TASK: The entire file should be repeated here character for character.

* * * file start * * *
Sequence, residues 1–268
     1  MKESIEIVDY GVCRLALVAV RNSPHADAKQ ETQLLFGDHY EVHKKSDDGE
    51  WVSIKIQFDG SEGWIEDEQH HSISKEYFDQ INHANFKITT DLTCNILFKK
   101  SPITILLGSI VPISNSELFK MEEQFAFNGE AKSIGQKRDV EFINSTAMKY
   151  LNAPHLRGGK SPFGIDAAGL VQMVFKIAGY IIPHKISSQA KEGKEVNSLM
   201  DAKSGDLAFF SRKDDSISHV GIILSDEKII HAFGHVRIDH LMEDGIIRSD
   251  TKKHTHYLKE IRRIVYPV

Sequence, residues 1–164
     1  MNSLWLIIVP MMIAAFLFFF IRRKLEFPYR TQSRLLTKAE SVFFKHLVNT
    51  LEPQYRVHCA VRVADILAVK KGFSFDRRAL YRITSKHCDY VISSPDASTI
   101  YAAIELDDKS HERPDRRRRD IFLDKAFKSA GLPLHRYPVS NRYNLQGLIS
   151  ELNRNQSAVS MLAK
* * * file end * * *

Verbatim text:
Sequence, residues 1–268
     1  MKESIEIVDY GVCRLALVAV RNSPHADAKQ ETQLLFGDHY EVHKKSDDGE
    51  WVSIKIQFDG SEGWIEDEQH HSISKEYFDQ INHANFKITT DLTCNILFKK
   101  SPITILLGSI VPISNSELFK MEEQFAFNGE AKSIGQKRDV EFINSTAMKY
   151  LNAPHLRGGK SPFGIDAAGL VQMVFKIAGY IIPHKISSQA KEGKEVNSLM
   201  DAKSGDLAFF SRKDDSISHV GIILSDEKII HAFGHVRIDH LMEDGIIRSD
   251  TKKHTHYLKE IRRIVYPV

Sequence, residues 1–164
     1  MNSLWLIIVP MMIAAFLFFF IRRKLEFPYR TQSRLLTKAE SVFFKHLVNT
    51  LEPQYRVHCA VRVADILAVK KGFSFDRRAL YRITSKHCDY VISSPDASTI
   101  YAAIELDDKS HERPDRRRRD IFLDKAFKSA GLPLHRYPVS NRYNLQGLIS
   151  ELNRNQSAVS MLAK